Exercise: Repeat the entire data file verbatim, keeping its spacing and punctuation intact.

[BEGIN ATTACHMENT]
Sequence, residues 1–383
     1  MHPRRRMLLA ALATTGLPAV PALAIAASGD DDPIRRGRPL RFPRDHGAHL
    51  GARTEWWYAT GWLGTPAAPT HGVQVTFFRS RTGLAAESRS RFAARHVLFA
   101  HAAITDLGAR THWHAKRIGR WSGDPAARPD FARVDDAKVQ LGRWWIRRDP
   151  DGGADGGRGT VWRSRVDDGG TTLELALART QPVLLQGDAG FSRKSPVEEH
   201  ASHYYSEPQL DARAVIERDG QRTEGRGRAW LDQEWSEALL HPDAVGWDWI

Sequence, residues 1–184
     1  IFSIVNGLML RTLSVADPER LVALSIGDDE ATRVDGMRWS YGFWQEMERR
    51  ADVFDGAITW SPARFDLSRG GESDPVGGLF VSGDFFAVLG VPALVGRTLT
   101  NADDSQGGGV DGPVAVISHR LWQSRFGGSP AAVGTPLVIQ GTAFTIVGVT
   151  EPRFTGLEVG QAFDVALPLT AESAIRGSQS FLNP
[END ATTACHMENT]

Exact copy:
Sequence, residues 1–383
     1  MHPRRRMLLA ALATTGLPAV PALAIAASGD DDPIRRGRPL RFPRDHGAHL
    51  GARTEWWYAT GWLGTPAAPT HGVQVTFFRS RTGLAAESRS RFAARHVLFA
   101  HAAITDLGAR THWHAKRIGR WSGDPAARPD FARVDDAKVQ LGRWWIRRDP
   151  DGGADGGRGT VWRSRVDDGG TTLELALART QPVLLQGDAG FSRKSPVEEH
   201  ASHYYSEPQL DARAVIERDG QRTEGRGRAW LDQEWSEALL HPDAVGWDWI

Sequence, residues 1–184
     1  IFSIVNGLML RTLSVADPER LVALSIGDDE ATRVDGMRWS YGFWQEMERR
    51  ADVFDGAITW SPARFDLSRG GESDPVGGLF VSGDFFAVLG VPALVGRTLT
   101  NADDSQGGGV DGPVAVISHR LWQSRFGGSP AAVGTPLVIQ GTAFTIVGVT
   151  EPRFTGLEVG QAFDVALPLT AESAIRGSQS FLNP